Georges Ibrahim Abdallah

Georges Ibrahim Abdallah (Arabic: جورج إبراهيم عبدالله‎), born on 2 April 1951, is a Lebanese communist militant. Born in the town Al Qoubaiyat in northern Lebanon, he joined the Lebanese Armed Revolutionary Factions (LARF) when the group formed following the discontinuation of the PFLP-EO.[1] He became leader of the organization, and conducted its operations from France, where he used the aliases Salih al-Masri and Abdu-Qadir Saadi.[1]

He was arrested in 1984 and sentenced to life in prison in 1987 for the 1982 murder of Lieutenant Colonel Charles R. Ray, who was an assistant US military attaché and murder of Israeli diplomat Yaakov Bar-Simantov outside his home in Paris on 3 April 1982, as well as involvement in the attempted assassination of former American consul in Strasbourg Robert O. Homme, who survived a shooting on 26 March 1984 after a gun was found in his apartment during a police raid. This all happened during the 1982 Lebanon War.[2][3]

Abdallah is imprisoned in France, and has released communiqués from prison in solidarity with prisoners from other militant groups, such as Action Directe and GRAPO.[1]

He is the uncle of Chloé Delaume.[4]

He is a Maronite Christian.[5]

After his capture, he testified "I do what I do because of the injustice done to human rights where Palestine is concerned."[6]

Release from prisonEdit

In 1999, Abdallah completed the minimum portion of his life sentence, but several requests for parole were denied. In 2003, the court granted him parole but the US Department of State objected to the court decision. Dominique Perben, the Minister of Justice at the time, made an appeal against the release.

Every two years Abdallah has the right to ask for a new release date, which has been refused more than five times. New laws were created (Loi Dati 2008) for the prevention of reoffending, which were applied retroactively on his case.

On 10 January 2013, Abdallah was granted parole on appeal by the Chamber of Sentences Application of Paris on the condition of an order of deportation from France. Abdallah's lawyer said that his client hopes to return to Lebanon and take up a teaching job.[7] Victoria Nuland, spokeswoman of the US State Department, declared to the press the US government's objection to his release on 11 January 2013. The United States ambassador to France, Charles Rivkin stated "I am disappointed by the decision today.... Life imprisonment was the appropriate sentence for Mr Abdallah’s serious crimes, and there is legitimate concern that Mr. Abdallah would continue to represent a danger to the international community if he were allowed to go free."[8]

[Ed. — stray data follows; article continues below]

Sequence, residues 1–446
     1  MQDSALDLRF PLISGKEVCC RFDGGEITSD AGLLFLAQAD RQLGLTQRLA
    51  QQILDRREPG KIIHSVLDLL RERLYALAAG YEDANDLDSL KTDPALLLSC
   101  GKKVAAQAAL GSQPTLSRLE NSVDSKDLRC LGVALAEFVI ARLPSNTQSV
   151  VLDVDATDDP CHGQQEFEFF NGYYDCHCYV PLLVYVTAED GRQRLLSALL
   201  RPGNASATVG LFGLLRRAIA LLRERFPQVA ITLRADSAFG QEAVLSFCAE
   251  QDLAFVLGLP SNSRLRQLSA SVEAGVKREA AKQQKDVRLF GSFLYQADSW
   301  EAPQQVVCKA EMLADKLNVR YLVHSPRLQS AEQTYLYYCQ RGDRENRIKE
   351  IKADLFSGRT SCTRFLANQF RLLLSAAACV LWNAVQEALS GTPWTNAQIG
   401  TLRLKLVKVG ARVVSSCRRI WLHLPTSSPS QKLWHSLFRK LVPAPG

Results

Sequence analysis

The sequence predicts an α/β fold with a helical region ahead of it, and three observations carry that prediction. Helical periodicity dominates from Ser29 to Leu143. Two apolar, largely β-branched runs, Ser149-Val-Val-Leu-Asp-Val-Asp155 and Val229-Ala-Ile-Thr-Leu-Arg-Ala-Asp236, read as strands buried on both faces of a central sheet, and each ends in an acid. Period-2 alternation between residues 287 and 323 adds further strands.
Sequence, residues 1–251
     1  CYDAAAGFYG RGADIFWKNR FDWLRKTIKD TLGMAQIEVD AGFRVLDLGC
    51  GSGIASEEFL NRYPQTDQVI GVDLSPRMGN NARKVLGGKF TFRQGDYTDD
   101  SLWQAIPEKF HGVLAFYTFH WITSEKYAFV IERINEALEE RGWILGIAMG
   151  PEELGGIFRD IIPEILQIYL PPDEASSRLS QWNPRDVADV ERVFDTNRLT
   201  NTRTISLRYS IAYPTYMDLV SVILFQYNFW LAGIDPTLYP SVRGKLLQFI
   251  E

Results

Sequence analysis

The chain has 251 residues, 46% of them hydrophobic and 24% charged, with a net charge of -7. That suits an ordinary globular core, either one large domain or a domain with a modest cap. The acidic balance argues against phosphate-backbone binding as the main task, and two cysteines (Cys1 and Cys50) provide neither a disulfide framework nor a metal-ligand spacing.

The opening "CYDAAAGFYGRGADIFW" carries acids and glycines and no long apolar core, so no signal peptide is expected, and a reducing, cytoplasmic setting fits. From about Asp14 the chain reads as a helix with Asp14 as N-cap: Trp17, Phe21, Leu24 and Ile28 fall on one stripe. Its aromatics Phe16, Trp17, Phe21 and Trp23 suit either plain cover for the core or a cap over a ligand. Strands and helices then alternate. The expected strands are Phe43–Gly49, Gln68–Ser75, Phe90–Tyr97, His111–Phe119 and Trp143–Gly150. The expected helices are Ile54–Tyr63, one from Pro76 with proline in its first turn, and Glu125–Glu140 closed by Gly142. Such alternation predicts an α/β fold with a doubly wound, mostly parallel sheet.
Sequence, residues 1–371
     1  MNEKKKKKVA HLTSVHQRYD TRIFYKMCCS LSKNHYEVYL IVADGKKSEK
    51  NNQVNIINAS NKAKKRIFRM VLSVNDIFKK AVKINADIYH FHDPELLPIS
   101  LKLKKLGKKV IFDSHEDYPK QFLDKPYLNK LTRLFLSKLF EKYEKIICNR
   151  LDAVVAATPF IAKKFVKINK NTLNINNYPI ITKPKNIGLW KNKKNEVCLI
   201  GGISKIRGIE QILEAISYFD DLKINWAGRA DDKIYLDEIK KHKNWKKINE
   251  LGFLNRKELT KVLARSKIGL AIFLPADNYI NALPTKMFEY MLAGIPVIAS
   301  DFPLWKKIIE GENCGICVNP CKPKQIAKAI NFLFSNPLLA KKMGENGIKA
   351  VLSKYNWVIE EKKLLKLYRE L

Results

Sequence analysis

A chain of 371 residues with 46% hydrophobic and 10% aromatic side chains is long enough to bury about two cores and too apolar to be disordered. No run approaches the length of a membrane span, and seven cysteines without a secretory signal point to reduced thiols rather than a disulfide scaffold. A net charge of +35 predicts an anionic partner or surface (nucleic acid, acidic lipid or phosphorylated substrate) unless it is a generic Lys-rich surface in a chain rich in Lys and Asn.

14 January 2013 was the scheduled date for Abdallah to return to Lebanon after almost 30 years of imprisonment in France. However Manuel Valls, the Minister of the Interior, refused to sign an administrative paper for deporting Abdallah. As a result of Valls's refusal, court proceedings took place on 15 January 2013. The prosecutor, under the Minister of Justice's authority, made a second appeal against his release (the first appeal was on November 2012).

A complaint was sent in June 2013 against France to the investigators of the Working Group on Arbitrary Detention. Another complaint was sent to the French Supreme Court against Minister Valls for not signing the administrative paper necessary for Abdallah's release.


In December 2013, the French city of Bagnolet (a suburb located east of Paris) voted to make Abdallah an "honorary resident." The city council's motion (which did not mention Abdallah's role in Ray's murder) described him as a “communist activist” and a “political prisoner” who “belongs to the resistance movement of Lebanon" and is a "determined defender of the Palestinian just cause."[9]


  1. ^ a b c "Abdallah, Georges Ibrahim". MIPT Terrorism Knowledge Database. Archived from the original on 2007-08-13. Retrieved 2008-03-18. CS1 maint: discouraged parameter (link)
  2. ^ West, Nigel (15 August 2017). Encyclopedia of Political Assassinations. Rowman & Littlefield. p. 219. ISBN 978-1-538-10239-8.
  3. ^ France24: Georges Ibrahim Abdallah, terroriste sans pardon (in French)
  4. ^
  5. ^ MEISLER, STANLEY (1986-09-19). "Georges Abdallah: The Key to Paris Terrorism". Los Angeles Times. ISSN 0458-3035. Retrieved 2018-04-12.
  6. ^ Times, Ihsan A. Hijazi and Special To the New York. "MARXIST CHRISTIANS IN A LEBANESE TOWN: A LINK TO Terror bombing in Paris". Retrieved 2018-04-12.
  7. ^,7340,L-4331210,00.html
  8. ^ Jewish Telegraph Agency: "France paroling Lebanese man involved in murders of Israeli, American" By Cnaan Liphshiz January 11, 2013
  9. ^ French locality honors killer of U.S., Israeli diplomats, Jewish Telegraphic Agency, December 13, 2013.

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